It also announced a funding package of $3.9 million to assist unions hit by the postponement.
The ninth edition of the tournament was scheduled to be hosted in Auckland and Whangarei from 18 September to 16 October but World Rugby said last week it would be difficult to host the event as planned.
More than 600 players, staff and tournament personnel were expected to travel for the event, leading to risk surrounding safe and reliable travel among other problems.
"The executive committee also endorsed work to develop and fund a Rugby World Cup 2021 high performance preparation and competition programme for qualified teams and teams still competing in the qualification process," World Rugby said.
"The programme will be underpinned by a 2 million pounds funding package and will focus on providing teams with international competition to give them the greatest opportunity to be at their best in New Zealand next year."
The tournament will be the first women's Rugby World Cup to be held in the southern hemisphere, and is due to feature New Zealand, England, Canada, France, Australia, United States, Wales, South Africa, Fiji and three qualifiers.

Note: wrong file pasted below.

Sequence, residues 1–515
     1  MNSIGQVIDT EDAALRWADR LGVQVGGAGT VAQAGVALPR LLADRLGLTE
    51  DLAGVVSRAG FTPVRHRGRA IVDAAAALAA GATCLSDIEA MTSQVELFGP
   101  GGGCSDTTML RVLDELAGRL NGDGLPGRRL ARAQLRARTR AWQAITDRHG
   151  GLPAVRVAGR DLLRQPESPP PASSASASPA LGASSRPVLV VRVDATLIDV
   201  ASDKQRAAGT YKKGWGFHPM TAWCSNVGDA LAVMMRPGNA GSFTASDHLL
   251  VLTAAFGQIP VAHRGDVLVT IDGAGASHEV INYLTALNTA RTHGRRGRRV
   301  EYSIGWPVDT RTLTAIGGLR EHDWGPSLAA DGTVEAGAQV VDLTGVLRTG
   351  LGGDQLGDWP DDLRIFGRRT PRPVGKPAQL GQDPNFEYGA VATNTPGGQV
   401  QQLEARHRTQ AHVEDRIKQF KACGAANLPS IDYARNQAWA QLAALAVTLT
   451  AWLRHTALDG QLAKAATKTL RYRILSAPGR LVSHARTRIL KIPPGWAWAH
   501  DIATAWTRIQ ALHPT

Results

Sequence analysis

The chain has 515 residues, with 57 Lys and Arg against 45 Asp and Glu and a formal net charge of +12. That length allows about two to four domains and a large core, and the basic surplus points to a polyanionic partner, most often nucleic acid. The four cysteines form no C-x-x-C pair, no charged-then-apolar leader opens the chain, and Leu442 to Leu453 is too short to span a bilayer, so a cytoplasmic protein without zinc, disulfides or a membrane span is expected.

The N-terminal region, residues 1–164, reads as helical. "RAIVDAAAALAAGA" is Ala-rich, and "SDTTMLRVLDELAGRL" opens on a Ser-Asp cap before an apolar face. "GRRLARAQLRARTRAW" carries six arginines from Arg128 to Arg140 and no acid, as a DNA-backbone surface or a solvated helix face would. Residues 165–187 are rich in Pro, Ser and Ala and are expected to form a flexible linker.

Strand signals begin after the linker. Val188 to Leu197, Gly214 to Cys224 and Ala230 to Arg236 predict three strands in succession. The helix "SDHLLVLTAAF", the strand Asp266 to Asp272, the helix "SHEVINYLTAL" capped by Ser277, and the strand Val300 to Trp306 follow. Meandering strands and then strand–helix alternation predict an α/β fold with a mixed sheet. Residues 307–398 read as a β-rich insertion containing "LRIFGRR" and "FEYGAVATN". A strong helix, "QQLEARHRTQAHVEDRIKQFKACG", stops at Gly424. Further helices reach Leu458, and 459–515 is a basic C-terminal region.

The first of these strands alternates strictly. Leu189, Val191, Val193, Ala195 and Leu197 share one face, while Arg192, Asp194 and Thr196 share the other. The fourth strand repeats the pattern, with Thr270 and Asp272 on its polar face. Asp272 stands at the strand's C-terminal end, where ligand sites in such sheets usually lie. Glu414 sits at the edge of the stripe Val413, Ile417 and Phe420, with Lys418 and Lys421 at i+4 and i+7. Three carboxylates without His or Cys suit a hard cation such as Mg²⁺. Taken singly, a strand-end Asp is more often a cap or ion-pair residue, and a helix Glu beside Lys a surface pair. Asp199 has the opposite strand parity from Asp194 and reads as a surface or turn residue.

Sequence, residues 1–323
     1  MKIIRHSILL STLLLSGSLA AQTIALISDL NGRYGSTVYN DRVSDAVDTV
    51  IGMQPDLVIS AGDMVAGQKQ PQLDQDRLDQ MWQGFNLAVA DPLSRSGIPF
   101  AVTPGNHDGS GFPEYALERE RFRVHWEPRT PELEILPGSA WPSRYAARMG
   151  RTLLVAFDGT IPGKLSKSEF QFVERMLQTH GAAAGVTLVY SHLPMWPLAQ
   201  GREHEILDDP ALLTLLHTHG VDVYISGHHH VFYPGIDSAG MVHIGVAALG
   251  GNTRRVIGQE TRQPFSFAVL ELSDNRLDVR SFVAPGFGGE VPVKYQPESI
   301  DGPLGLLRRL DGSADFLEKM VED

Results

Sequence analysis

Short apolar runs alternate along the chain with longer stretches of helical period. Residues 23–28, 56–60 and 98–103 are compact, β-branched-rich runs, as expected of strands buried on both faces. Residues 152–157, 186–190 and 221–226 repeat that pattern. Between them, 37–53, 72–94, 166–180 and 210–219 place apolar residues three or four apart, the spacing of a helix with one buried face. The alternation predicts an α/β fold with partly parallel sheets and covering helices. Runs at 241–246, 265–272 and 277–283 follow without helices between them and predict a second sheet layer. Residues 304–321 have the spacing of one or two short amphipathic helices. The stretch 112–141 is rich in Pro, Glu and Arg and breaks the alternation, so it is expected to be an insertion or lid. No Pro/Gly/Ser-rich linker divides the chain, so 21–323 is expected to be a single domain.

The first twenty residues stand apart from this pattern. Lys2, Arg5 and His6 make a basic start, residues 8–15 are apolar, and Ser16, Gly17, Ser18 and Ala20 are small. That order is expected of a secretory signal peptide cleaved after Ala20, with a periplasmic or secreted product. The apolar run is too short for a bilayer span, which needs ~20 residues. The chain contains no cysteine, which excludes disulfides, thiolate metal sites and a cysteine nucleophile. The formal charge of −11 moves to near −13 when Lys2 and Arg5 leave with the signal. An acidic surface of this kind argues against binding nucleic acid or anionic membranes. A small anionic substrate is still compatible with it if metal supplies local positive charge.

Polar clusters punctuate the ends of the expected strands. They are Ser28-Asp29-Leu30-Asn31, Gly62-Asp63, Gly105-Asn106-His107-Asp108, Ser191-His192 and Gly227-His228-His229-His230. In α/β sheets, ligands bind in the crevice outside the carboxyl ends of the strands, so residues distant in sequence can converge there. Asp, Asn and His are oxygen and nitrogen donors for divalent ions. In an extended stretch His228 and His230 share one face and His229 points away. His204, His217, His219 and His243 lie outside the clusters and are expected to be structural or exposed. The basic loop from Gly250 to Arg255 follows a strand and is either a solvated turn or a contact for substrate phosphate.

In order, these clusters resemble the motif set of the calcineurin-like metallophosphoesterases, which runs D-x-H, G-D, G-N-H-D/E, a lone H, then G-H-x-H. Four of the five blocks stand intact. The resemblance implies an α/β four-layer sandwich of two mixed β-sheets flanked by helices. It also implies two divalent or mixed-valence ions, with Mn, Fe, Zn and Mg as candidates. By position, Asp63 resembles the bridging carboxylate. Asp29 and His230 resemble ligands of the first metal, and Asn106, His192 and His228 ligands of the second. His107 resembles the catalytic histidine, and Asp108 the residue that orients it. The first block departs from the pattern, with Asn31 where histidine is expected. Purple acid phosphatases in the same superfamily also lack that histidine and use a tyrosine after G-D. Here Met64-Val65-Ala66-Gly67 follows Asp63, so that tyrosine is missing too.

New Zealand are the current holders, having defeated England 41-32 in the final in Belfast in 2017.
"The top players in the women's game should be guaranteed the stage that they deserve, with the opportunity for their family and friends to be able to attend, and also the wider national and international rugby family," World Rugby Chairman Bill Beaumont said.
"Postponement by a year should enable us to enjoy the benefits of the global vaccination programme, easing the burden on international travel requirements and within New Zealand itself."
Dates for the postponed tournament will be announced shortly.